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Sunday, September 25, 2016

Fire Joe Morgan and the Moneyball revolution.

The scouts vs. statheads war is, and was, overblown.

Jim Furtado Posted: September 25, 2016 at 08:34 AM | 15 comment(s)
  Beats: sabermetrics

Monday, September 19, 2016

Constructing Heat Maps for AVG | Exploring Baseball Data with R

Heat maps for all my friends.

Jim Furtado Posted: September 19, 2016 at 08:14 AM | 0 comment(s)
  Beats: sabermetrics, using r

Friday, September 16, 2016

20 wins does tell us something about a starter. | Sports on Earth

I’m sure you want Brian Kenny’s reaction.

So the win, and the 20-win season in particular, continues to hold sway in the Cy Young Award voting despite a brief glimmer of progress a half decade ago. Indeed, while Porcello is having a fine season, as his 20 wins do indicate, he has not been the AL’s best pitcher to this point in the season. Consider this comparison between Porcello and Corey Kluber, who is 16-9:

Pitcher W-L IP ERA+ WHIP K/BB FIP DRA bWAR
Kluber 16-9 197 2/3 157 1.04 4.08 3.14 2.77 6.3
Porcello 20-3 193 2/3 142 1.02 5.55 3.46 3.36 4.4

(DRA is deserved run average, a Baseball Prospectus statistic that attempts to correct a pitcher’s runs allowed per nine innings for all outside influences, from ballparks and opposing lineups to his catcher’s pitch framing, the umpires calling his games and even the weather.)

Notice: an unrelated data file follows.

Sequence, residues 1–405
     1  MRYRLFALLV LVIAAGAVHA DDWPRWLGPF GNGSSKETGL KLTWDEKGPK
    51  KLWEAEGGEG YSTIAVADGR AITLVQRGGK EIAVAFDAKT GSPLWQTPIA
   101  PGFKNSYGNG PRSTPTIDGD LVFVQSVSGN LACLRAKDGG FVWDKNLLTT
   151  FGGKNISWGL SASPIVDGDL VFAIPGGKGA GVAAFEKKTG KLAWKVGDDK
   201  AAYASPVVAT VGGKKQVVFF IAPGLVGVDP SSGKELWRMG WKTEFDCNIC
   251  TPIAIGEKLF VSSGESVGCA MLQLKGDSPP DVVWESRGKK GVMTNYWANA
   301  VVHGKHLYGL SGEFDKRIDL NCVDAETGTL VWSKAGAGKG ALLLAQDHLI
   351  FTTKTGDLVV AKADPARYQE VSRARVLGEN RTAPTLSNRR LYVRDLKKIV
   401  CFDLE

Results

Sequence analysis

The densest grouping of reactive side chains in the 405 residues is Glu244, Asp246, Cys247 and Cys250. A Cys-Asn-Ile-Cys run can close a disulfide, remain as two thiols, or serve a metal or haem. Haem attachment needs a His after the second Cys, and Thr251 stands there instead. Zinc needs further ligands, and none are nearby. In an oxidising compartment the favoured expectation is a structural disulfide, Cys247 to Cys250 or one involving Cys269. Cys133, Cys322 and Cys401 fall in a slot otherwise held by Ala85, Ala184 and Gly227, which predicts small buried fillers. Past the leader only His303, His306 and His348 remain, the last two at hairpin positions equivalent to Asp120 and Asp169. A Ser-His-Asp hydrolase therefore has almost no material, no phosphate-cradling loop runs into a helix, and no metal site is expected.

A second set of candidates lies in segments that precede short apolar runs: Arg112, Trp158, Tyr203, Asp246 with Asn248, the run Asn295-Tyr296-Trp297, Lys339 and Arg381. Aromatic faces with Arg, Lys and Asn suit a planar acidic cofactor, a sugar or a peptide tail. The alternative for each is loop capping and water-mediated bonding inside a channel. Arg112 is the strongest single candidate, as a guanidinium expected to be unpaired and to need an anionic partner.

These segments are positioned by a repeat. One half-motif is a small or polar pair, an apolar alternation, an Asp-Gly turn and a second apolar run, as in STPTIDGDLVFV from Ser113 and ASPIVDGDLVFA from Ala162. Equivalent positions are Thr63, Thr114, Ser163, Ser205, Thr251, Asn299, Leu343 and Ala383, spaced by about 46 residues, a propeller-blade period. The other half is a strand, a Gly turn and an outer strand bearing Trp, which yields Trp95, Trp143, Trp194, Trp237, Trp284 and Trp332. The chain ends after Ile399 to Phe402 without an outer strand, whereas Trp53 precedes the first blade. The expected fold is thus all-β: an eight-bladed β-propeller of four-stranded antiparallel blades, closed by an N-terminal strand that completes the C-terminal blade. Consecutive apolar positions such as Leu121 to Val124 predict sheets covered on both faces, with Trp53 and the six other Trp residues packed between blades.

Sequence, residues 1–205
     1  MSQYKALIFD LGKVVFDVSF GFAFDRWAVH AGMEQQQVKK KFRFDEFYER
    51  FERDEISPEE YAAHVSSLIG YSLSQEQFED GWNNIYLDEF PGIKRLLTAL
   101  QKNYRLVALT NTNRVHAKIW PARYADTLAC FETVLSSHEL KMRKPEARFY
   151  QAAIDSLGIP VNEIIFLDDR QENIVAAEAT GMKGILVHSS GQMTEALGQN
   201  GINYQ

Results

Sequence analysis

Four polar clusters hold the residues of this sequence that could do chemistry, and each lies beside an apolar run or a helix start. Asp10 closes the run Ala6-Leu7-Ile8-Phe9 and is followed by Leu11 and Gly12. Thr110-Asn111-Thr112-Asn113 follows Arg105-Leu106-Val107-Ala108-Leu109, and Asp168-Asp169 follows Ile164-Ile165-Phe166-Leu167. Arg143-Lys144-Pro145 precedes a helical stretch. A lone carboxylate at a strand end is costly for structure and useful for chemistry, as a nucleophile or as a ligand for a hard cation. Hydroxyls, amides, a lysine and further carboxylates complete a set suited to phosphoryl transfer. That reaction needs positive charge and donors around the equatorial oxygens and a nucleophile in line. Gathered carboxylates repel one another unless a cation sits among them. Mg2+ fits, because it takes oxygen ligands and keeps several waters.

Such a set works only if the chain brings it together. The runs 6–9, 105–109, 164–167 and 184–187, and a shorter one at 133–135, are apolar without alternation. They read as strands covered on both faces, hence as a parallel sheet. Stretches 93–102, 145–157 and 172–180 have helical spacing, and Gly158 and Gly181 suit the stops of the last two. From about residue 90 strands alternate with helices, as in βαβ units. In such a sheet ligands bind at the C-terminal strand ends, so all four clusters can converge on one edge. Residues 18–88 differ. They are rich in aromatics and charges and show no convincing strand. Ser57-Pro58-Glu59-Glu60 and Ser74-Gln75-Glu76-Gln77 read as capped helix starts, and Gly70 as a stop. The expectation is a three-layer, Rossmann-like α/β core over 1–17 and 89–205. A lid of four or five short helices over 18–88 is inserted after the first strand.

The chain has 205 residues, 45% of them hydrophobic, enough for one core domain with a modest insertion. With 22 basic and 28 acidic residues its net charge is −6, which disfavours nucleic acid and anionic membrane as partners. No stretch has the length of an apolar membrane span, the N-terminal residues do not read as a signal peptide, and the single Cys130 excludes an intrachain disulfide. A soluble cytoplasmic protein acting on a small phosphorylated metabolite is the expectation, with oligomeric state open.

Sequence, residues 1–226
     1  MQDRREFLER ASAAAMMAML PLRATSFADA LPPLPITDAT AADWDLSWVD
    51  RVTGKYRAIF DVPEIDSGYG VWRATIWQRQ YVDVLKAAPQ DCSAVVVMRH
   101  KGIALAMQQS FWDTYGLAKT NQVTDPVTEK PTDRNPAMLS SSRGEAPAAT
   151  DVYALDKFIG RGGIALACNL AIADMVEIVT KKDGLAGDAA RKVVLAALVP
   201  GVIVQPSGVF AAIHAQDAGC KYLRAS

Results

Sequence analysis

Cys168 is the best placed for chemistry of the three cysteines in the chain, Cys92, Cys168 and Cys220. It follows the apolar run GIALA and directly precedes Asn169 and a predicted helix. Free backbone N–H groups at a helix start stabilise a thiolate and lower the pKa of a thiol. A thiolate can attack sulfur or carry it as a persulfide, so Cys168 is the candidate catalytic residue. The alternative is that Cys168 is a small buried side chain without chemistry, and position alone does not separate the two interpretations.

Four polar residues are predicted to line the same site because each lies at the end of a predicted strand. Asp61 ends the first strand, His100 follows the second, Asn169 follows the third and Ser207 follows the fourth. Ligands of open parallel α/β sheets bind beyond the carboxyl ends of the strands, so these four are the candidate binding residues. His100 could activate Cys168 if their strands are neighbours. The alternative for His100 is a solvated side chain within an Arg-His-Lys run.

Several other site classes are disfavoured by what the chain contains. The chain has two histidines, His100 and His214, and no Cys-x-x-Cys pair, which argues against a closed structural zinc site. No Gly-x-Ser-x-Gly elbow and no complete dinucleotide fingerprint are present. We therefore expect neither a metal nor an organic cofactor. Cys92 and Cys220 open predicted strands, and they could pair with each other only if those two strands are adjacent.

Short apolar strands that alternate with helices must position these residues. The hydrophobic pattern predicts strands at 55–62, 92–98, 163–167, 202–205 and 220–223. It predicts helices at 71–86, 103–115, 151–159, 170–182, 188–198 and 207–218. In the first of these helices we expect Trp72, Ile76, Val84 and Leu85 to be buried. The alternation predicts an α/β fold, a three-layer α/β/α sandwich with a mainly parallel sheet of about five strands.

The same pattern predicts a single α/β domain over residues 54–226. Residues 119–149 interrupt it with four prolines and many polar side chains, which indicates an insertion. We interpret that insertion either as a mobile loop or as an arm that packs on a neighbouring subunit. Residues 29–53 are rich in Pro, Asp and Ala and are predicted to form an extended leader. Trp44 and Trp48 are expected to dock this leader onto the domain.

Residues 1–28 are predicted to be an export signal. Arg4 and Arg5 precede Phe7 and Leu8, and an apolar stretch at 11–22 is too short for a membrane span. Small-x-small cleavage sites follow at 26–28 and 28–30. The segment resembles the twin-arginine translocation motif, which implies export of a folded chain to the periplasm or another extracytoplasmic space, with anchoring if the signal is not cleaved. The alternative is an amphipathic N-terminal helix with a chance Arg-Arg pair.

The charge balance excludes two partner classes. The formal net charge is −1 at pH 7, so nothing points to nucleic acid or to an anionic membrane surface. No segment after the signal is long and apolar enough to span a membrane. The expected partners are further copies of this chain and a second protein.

The key difference between those two when it comes to wins is that Porcello has received more run support than any other qualified starter in the Majors this year by nearly half a run per game. The league’s best offense has averaged 6.97 runs per game over his 29 starts this season. Cleveland, meanwhile, has scored 4.93 runs per game for Kluber, still a big number, but more than two full runs shy of what Porcello has gotten from the Red Sox’s lineup.

That’s a good reminder that wins tell us as much or more about run and bullpen support as they do about a starting pitcher’s actual performance and are thus useless in comparative analysis. Any voter using wins as a measure to fill out an All-Star, Cy Young Award or Hall of Fame ballot is committing malpractice. Still, it’s inaccurate to say that a 20-win season tells us nothing about a pitcher’s performance. Now more than ever, 20 wins are an indicator of an above-average starting pitcher. To be any more specific than that, however, one must look beyond the wins column.

Jim Furtado Posted: September 16, 2016 at 09:05 AM | 61 comment(s)